This study aims to examine the effect intellectual capital (IC) has on firm performance of Australian companies.
Quantitative data are collected for Australian companies listed between 2004 and 2008. IC is measured using Pulic's value added intellectual coefficient (VAIC) and its components (human, structural and capital employed efficiencies (HCE, SCE, CEE)). Direct and moderating relationships between VAIC, HCE, SCE, and CEE and four measures of performance are statistically analysed.
The results suggest that there is a direct relationship between VAIC and performance of Australian publicly listed firms, particularly with CEE and to a lesser extent with HCE. A positive relationship between HCE and SCE in the prior year and performance in the current year is also found. However evidence also suggests the possibility of an alternative moderating relationship between the IC components of HCE and SCE with physical and financial capital (CEE) which impacts on firm performance.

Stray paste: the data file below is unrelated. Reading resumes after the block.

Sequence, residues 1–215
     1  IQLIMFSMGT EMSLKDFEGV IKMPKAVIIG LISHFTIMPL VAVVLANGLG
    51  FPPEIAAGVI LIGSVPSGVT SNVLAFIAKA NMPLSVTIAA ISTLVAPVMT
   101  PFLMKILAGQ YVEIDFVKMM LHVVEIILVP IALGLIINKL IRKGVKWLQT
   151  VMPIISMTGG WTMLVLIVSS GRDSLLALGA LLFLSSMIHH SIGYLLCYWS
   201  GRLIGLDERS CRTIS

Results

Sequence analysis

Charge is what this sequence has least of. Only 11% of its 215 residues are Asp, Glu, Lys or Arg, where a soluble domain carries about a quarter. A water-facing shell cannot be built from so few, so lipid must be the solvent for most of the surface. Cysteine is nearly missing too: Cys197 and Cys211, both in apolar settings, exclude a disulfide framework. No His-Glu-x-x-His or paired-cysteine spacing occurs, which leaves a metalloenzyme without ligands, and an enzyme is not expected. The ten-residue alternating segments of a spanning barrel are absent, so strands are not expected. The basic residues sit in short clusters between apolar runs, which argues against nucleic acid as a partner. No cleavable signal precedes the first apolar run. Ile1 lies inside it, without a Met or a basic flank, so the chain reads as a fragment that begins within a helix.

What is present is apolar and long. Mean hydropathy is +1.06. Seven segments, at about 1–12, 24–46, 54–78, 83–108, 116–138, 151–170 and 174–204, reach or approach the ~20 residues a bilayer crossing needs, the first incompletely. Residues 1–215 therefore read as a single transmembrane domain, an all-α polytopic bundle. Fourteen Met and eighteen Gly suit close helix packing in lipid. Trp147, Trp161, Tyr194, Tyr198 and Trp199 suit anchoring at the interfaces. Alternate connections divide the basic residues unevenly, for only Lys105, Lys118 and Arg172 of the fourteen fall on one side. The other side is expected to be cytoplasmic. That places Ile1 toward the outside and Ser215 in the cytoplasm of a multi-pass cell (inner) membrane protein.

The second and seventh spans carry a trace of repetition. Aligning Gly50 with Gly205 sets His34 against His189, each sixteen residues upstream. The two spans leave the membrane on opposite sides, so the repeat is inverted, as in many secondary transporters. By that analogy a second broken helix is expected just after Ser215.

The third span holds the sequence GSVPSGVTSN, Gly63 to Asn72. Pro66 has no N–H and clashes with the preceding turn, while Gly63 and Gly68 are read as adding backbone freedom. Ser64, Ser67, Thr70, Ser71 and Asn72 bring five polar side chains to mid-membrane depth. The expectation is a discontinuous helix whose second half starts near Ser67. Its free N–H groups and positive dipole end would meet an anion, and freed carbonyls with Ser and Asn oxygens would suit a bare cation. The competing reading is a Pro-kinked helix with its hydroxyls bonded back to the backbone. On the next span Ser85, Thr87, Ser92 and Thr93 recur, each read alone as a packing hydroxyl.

There are some missing data and some transgression of the assumptions of OLS regression.
This paper presents the first study of the IC relationship with firm performance in Australia. Inconclusive results from prior studies in developing countries suggested the need for a study from a developed country such as Australia. The paper is also the first to investigate whether IC moderates the relationship between CEE and firm performance.
Clarke, M., Seng, D. and Whiting, R.H. (2011), "Intellectual capital and firm performance in Australia", Journal of Intellectual Capital, Vol. 12 No. 4, pp. 505-530. https://doi.org/10.1108/14691931111181706
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